Just like all roads lead to Rome, all the little streets near the central Deák Square lead to St. Stephen’s Basilica. It’s a monumental Catholic church that is named after the very first Hungarian king crowned in 1000. His holy right hand is kept inside the Basilica. The entrance is officially free. Another must-see near Deák Square is the Dohány Street Synagogue.
Do like Hungarians and enjoy your main meal of the day at lunchtime
For Hungarians, lunch is the biggest meal of the day, as opposed to other nations in the world. So, you’ll find that lunch menus will have a large variety of options.
There are numerous restaurants offering vegan menu in this area. My personal favourite is Jelen Bisztró, which is housed in a traditional fin de siècle building with high ceilings and a terrace in the summer. You’ll find it at Blaha Lujza tér.
Metro your way to Heroes Square
From Deák Square catch the oldest subway in continental Europe. The tracks run not so deep underground and the metro cars are the cutest I’ve ever seen. I absolutely love travelling on it!
Get off at Heroes Square (Hősök tere) for an Instagram selfie with the statues of the seven oldest chieftains of Hungary in 9th century. If you’re interested in art, check out the two museums on the two opposite sides of the square; the Museum of Fine Art and the Hall of Arts.
Chill time in the City Park
With so much walking during your 48 hours in Budapest, you’ll need some relaxation time in the park. Heroes Square is your gateway to the green lung of Budapest, the City park (Városliget). The big central lake is just a few minutes walk; rent a boat in the summer or ice skate in the winter (skate rental available).
It’s a magical setting with the Vajdahunyad Castle (Vajdahunyad Vára) on the shore which houses the Natural History Museum. I used to spend a lot of time in the City Park as my high school was literally next to it. My favourite place to chill, sunbathe and picnic was the Sunbathing Hill (fitting name!) in the middle of the park.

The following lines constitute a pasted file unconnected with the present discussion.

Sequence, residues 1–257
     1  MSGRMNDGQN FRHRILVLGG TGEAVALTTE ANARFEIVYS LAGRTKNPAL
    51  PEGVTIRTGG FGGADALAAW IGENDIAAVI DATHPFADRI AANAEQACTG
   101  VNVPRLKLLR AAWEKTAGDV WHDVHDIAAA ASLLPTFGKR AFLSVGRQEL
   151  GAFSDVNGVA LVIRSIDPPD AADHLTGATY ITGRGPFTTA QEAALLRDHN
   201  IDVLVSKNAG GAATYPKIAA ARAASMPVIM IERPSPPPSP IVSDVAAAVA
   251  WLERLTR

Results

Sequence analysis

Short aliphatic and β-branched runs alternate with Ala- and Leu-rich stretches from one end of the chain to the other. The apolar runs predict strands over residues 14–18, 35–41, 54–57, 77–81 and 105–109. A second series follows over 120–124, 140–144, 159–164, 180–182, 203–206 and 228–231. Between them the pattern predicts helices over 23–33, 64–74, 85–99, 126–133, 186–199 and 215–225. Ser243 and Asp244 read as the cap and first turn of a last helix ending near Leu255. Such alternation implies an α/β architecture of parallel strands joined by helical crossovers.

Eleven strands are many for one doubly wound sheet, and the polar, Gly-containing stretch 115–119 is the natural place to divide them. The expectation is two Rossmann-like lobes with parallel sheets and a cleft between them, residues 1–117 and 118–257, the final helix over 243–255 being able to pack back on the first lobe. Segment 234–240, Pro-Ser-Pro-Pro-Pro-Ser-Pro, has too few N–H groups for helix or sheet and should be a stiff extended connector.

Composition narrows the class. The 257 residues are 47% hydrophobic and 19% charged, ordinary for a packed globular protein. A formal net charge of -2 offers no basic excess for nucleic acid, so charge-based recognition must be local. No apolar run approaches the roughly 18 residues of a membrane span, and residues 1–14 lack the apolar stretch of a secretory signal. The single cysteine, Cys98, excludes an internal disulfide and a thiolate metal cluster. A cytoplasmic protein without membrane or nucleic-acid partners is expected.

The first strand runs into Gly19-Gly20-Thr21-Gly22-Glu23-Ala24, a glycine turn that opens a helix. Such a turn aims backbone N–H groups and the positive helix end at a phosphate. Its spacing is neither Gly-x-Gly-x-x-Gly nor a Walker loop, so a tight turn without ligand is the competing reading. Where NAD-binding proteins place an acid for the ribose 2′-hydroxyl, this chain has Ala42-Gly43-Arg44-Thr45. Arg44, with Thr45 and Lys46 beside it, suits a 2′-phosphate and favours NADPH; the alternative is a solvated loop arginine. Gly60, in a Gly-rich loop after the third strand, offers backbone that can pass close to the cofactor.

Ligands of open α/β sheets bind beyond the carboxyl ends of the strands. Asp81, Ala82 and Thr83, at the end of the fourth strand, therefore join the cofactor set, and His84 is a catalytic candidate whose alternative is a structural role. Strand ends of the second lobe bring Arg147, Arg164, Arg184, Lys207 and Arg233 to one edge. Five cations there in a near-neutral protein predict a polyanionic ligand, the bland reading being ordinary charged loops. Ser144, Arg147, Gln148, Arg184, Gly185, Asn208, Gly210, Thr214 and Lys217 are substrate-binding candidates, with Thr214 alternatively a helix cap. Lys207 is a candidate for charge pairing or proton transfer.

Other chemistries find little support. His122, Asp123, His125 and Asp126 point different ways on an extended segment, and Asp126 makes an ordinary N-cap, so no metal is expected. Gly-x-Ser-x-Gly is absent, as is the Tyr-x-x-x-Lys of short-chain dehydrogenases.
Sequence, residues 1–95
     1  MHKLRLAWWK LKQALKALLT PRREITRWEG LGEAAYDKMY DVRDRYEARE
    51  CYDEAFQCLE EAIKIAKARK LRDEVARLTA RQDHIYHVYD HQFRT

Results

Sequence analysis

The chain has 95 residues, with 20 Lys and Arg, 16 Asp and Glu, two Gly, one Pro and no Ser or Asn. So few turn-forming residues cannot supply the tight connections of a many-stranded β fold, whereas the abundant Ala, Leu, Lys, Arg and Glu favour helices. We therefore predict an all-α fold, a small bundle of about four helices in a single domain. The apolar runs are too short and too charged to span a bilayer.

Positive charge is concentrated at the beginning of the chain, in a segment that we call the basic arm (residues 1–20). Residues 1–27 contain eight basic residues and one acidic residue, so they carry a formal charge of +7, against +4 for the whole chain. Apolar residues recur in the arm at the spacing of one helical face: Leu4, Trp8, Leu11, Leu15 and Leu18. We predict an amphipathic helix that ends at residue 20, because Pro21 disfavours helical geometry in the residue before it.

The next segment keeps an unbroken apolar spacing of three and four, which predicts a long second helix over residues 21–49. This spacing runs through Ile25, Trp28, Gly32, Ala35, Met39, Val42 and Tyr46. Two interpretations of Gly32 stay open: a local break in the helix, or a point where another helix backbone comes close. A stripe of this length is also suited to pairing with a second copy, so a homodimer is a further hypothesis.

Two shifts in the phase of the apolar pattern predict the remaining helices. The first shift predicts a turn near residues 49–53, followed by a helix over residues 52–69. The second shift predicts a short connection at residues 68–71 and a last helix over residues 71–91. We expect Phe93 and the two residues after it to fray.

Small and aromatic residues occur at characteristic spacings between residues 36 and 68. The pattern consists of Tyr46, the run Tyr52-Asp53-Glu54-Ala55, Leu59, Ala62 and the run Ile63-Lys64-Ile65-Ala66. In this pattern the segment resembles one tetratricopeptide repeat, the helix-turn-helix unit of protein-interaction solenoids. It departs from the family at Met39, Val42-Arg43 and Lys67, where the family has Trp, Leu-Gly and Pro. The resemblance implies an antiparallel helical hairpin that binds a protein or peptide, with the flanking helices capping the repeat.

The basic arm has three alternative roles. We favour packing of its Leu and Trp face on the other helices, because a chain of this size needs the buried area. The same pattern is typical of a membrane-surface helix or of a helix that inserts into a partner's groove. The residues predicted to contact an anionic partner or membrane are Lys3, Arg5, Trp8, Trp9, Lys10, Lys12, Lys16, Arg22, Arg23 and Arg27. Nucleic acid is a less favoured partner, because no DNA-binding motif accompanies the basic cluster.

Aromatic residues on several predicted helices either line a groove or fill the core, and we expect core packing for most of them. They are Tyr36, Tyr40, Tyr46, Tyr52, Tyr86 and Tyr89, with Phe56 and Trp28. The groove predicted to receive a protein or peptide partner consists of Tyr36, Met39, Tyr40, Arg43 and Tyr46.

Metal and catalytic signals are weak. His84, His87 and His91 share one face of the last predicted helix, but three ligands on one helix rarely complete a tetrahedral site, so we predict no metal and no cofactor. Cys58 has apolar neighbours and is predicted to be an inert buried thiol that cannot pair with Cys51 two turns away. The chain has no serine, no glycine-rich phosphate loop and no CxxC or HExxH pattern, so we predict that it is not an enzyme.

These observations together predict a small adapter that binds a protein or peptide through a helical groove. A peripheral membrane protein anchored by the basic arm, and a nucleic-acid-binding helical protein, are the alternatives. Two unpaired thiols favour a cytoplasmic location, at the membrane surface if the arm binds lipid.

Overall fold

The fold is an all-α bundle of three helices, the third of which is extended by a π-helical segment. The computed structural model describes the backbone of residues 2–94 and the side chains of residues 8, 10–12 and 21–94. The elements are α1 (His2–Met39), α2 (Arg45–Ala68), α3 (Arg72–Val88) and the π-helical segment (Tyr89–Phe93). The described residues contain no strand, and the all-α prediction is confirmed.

Enjoy an afternoon drink at a local outdoor bar
Have a refreshing afternoon drink in Dürer Kert (on Ajtósi Dürer sor, just outside the City Park) or in Kertem (inside the Park). Dürer Kert is the inner yard of a university college with a ping pong table, hammocks and swing dancing class on Monday summer evenings; while Kertem is a beer garden style outdoors bar. Prepare with your own reusable cup for both places, as they sadly still serve in single-use plastic.
Relax your tired body in the Széchenyi Thermal Baths
It’s been a long 48 hours in Budapest. I’m sure you’re feeling a little bit tired. And now it’s time to really let it go in the natural healing waters of the beautiful Széchenyi Thermal Bath.
If you’ve seen only one picture of Budapest, chances are high that it was of this iconic bath where old local men play chess in the smoking outdoor pool. You can reserve a full day pass ahead of time to skip the line. However, if you don’t mind waiting until the evening to visit, there’s a discount at the door after 7pm. Take your swimsuit and towel with you and explore the 18 pools on a romantic or relaxing evening.
Dine and go out in Budapest’s official going out district
After rejuvenating at the spa, it’s time to hit downtown again for dinner and your last evening drinks. The official party district is around Kazinczy Street; Szimpla, Instant and Gozsdu Courtyard are the main tourist magnets with hardcore partying and practically only English spoken.
In the summer, get a bite at an open-air food market next to Szimpla, called Karavan; both international and Hungarian favourites are available here. If you prefer bars with more locals, choose Ellátó Kert or Kőleves (both are drinking and dancing places in Kazinczy Street).
Hopefully, this 48 hours in Budapest itinerary helps you plan your upcoming trip to the city. I’m sure that after spending a weekend in Budapest, you’ll be itching to return as soon as possible.
This guest post was written by Anna of GreenMochila.com. Anna is an environmentalist, a born Budapester living in Europe. To her hometown she returns from time to time, no matter which part of the world she’s roaming at the moment. She blogs on GreenMochila.com about eco travels and her one-year backpacking trip in South America. If she’s not travelling, you can find her at art events or on a swing dance floor. You can also find her online on Facebook, Twitter, and Instagram.